Speechless; words fail me…

I’ve watched my first Fast and the Furious movie. It was a spin-off, really, or so I’m led to believe- Fast & the Furious: Hobbs and Shaw. My goodness it was silly. In fact, it was so silly I feel rather insulted by the film-makers. Didn’t they think I deserved a decent script, character arcs, drama, realistic action sequences? No? Indeed, apparently not. Coming so soon after Kong vs. Godzilla (or was it Godzilla vs. Kong? Is there even a difference?) a film I’m still trying to figure out enough to write a review… A line from a Pet Shop Boys song springs to mind, What have I, what have I, what have I done to deserve this? 

That joke from Airplane comes back to me, of a news pundit commenting he has no sympathy for the doomed air passengers “they knew the risks, they bought their tickets…” or something like that. In my case, “he knew the risks, he knew what kind of films they are, I say- let his brain explode!”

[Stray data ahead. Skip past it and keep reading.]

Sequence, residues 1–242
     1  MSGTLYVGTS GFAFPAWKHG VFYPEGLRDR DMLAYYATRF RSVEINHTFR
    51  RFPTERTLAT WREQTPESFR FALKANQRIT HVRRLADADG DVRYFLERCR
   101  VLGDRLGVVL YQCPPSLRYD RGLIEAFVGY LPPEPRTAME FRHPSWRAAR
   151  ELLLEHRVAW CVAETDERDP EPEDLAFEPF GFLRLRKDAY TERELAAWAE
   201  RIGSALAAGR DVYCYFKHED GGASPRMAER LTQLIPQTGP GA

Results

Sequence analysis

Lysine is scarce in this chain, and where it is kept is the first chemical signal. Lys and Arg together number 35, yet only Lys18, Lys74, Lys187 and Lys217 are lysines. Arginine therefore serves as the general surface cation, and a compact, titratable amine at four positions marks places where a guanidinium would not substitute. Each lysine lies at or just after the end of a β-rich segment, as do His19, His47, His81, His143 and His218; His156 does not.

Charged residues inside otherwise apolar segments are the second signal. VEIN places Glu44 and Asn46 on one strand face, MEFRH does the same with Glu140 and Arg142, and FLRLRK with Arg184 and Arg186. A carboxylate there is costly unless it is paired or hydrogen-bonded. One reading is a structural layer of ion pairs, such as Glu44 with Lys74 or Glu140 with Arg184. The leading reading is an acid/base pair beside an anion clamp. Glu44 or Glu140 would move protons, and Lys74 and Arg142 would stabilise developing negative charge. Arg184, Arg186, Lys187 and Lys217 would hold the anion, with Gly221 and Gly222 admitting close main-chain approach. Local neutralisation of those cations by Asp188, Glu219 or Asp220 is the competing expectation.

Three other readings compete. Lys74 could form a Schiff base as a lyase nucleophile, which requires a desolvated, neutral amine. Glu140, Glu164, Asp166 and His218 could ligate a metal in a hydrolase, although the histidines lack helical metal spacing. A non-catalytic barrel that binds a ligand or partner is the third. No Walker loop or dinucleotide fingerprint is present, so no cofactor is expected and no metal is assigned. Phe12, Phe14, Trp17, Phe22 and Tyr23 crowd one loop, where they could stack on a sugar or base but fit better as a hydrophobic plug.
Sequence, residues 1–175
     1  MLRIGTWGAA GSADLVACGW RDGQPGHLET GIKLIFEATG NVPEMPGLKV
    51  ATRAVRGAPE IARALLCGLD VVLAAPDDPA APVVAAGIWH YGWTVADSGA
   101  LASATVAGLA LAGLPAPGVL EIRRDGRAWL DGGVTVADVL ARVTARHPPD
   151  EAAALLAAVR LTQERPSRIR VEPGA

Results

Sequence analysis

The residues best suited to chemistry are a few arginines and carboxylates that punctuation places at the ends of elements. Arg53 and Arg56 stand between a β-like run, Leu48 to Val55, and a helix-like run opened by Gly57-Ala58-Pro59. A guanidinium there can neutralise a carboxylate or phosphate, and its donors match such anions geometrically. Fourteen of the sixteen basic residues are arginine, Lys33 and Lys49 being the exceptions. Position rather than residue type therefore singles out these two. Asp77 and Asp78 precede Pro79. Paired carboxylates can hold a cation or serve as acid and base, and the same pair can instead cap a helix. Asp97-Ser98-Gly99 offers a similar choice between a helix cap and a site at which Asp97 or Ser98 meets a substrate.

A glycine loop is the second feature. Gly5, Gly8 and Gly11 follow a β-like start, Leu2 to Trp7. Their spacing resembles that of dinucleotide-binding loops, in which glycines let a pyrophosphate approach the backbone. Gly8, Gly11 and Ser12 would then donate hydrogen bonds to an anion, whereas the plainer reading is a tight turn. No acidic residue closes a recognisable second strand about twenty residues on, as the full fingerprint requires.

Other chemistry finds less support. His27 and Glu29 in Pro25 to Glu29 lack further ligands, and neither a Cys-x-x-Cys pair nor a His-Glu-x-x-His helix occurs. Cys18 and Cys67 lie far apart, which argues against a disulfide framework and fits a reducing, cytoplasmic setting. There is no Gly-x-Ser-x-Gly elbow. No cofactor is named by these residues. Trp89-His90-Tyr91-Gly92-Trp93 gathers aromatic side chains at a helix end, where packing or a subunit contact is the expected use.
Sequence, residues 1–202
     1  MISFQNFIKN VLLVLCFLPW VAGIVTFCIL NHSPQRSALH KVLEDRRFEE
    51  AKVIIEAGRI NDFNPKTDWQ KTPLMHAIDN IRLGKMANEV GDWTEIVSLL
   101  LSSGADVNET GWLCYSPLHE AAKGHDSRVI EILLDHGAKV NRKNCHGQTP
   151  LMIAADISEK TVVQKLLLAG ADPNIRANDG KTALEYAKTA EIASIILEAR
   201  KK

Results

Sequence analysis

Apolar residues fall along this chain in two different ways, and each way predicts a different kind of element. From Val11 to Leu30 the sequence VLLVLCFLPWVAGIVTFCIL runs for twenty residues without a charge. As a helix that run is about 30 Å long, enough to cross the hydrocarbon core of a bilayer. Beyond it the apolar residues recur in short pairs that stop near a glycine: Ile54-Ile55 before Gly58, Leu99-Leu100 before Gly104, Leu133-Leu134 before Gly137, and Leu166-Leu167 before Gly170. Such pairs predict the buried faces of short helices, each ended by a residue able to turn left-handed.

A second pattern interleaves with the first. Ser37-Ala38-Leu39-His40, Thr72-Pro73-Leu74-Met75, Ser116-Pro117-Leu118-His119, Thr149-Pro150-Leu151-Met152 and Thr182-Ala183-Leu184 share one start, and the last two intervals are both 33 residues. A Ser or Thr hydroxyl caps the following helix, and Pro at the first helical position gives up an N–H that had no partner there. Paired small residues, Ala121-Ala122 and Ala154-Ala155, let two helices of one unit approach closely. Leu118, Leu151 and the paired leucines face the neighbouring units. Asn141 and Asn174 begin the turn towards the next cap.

Perhaps I need to watch some of, if not all, the remaining eight (soon nine, I gather) Fast & the Furious films in order to glean some sense of logic or purpose in the events and characters I watched in that Hobbs & Shaw movie (I mean, what was Helen Mirren doing in it?). All I could gather from its huge body count was that if you don’t have a line of dialogue then you’re simply cannon fodder and that there’s no harm in excessive bloodless, painless carnage as long as everyone is spitting out silly wisecracks and the cars look cool.

I didn’t expect that Idris Elba could mine the depths of his ‘performance’ in that Star Trek film again, but he found a way… I did like Vanessa Kirby though. I don’t think I couldn’t have lasted it out to the bitterly senseless end without her being in it. Oh well, we’ll put my eventual review on pause.

The Crown: Season Three